Optimize quantization parameters using Lloyd algorithm

`[partition,codebook] = lloyds(training_set,initcodebook) `

[partition,codebook] = lloyds(training_set,len)

[partition,codebook] = lloyds(training_set,...,tol)

[partition,codebook,distor] = lloyds(...)

[partition,codebook,distor,reldistor]
= lloyds(...)

`[partition,codebook] = lloyds(training_set,initcodebook) `

optimizes
the scalar quantization parameters `partition`

and `codebook`

for
the training data in the vector `training_set`

. `initcodebook`

,
a vector of length at least 2, is the initial guess of the codebook
values. The output `codebook`

is a vector of the
same length as `initcodebook`

. The output `partition`

is
a vector whose length is one less than the length of `codebook`

.

See Represent Partitions, Represent Codebooks,
or the reference page for `quantiz`

in
this chapter, for a description of the formats of `partition`

and `codebook`

.

`lloyds`

optimizes for the data in `training_set`

.
For best results, `training_set`

should be similar
to the data that you plan to quantize.

`[partition,codebook] = lloyds(training_set,len)`

is
the same as the first syntax, except that the scalar argument `len`

indicates
the size of the vector `codebook`

. This syntax does
not include an initial codebook guess.

`[partition,codebook] = lloyds(training_set,...,tol)`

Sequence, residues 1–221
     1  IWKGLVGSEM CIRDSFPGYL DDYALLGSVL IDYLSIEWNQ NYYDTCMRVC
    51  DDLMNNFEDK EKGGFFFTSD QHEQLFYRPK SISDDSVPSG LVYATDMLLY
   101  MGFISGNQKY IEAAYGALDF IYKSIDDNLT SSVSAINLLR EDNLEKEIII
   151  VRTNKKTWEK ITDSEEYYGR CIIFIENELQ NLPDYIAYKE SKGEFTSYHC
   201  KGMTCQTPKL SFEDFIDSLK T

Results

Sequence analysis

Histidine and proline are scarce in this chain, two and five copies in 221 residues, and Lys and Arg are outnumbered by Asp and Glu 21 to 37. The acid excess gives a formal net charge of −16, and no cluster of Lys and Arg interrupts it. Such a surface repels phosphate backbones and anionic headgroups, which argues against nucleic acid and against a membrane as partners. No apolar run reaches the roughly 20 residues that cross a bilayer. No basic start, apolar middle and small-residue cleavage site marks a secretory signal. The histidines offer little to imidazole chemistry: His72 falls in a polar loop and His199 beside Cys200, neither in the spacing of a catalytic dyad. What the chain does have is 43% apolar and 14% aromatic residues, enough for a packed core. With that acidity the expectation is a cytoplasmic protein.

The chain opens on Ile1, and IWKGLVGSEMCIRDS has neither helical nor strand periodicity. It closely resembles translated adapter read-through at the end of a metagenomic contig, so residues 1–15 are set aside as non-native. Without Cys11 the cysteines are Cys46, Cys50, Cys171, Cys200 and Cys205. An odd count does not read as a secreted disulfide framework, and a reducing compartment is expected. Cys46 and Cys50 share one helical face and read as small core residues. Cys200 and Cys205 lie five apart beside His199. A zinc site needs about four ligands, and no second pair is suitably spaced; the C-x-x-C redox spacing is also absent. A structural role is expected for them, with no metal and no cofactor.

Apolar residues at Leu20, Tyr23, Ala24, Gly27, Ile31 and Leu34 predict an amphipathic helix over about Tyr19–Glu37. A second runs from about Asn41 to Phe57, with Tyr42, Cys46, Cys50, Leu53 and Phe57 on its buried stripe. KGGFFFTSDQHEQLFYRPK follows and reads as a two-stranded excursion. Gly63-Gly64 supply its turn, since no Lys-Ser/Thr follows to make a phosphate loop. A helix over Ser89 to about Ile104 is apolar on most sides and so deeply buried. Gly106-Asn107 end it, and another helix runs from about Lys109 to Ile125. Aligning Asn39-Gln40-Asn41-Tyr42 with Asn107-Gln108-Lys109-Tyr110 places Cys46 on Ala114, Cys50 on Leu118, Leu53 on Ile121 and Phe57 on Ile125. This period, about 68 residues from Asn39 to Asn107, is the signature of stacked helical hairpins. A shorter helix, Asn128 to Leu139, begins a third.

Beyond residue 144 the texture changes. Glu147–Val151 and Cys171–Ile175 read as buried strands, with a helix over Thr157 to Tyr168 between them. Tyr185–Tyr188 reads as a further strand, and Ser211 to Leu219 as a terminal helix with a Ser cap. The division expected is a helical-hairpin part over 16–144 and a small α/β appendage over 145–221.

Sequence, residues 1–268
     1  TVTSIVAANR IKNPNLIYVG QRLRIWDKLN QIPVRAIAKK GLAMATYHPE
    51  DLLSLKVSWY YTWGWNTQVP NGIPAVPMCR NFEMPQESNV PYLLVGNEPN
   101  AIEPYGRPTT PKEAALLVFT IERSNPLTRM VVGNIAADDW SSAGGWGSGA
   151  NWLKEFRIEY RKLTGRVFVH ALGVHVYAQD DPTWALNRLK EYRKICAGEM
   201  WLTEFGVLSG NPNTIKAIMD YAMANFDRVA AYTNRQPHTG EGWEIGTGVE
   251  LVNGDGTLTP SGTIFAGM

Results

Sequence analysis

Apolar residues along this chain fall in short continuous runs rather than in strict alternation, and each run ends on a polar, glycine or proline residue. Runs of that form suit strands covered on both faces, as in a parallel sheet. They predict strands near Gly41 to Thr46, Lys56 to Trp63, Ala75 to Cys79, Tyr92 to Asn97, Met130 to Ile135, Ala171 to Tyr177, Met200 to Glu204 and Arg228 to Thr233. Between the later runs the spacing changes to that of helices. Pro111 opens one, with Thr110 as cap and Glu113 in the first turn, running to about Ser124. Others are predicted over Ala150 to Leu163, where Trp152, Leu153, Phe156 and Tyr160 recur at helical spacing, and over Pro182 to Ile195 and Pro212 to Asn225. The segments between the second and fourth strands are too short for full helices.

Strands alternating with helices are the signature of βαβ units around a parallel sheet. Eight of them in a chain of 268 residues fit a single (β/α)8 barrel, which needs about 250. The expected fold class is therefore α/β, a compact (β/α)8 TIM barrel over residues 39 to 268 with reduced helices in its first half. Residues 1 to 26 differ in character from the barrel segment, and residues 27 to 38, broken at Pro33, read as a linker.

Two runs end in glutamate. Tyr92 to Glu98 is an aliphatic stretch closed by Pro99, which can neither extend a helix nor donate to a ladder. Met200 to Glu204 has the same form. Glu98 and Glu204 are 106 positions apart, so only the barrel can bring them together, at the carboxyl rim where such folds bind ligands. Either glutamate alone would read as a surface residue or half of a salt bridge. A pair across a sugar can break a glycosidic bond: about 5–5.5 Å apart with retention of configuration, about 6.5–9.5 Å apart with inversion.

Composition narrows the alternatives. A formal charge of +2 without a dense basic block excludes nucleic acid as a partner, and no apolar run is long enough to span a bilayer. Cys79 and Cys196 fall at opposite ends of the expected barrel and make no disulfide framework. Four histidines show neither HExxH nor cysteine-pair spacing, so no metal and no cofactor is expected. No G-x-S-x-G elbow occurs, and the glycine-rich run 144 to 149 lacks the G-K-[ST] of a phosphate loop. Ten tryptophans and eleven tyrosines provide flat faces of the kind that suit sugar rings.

is
the same as the two syntaxes above, except that `tol`

replaces
10^{-7} in condition 1 of the algorithm description
below.

`[partition,codebook,distor] = lloyds(...)`

returns
the final mean square distortion in the variable `distor`

.

```
[partition,codebook,distor,reldistor]
= lloyds(...)
```

returns a value `reldistor`

that
is related to the algorithm's termination. In condition 1 of the algorithm
below, `reldistor`

is the relative change in distortion
between the last two iterations. In condition 2, `reldistor`

is
the same as `distor`

.

The code below optimizes the quantization parameters for a sinusoidal
transmission via a three-bit channel. Because the typical data is
sinusoidal, `training_set`

is a sampled sine wave.
Because the channel can transmit three bits at a time, `lloyds`

prepares
a codebook of length 2^{3}.

```
% Generate a complete period of a sinusoidal signal.
x = sin([0:1000]*pi/500);
[partition,codebook] = lloyds(x,2^3)
```

The output is below.

partition = Columns 1 through 6 -0.8540 -0.5973 -0.3017 0.0031 0.3077 0.6023 Column 7 0.8572 codebook = Columns 1 through 6 -0.9504 -0.7330 -0.4519 -0.1481 0.1558 0.4575 Columns 7 through 8 0.7372 0.9515

`lloyds`

uses an iterative process to try to
minimize the mean square distortion. The optimization processing ends
when either

The relative change in distortion between iterations is less than 10

^{-7}.The distortion is less than

`eps*max(training_set)`

, where`eps`

is the MATLAB floating-point relative accuracy.

[1] Lloyd, S.P., “Least Squares
Quantization in PCM,” *IEEE Transactions on Information
Theory*, Vol. IT-28, March, 1982, pp. 129–137.

[2] Max, J., “Quantizing for Minimum
Distortion,” *IRE Transactions on Information Theory*,
Vol. IT-6, March, 1960, pp. 7–12.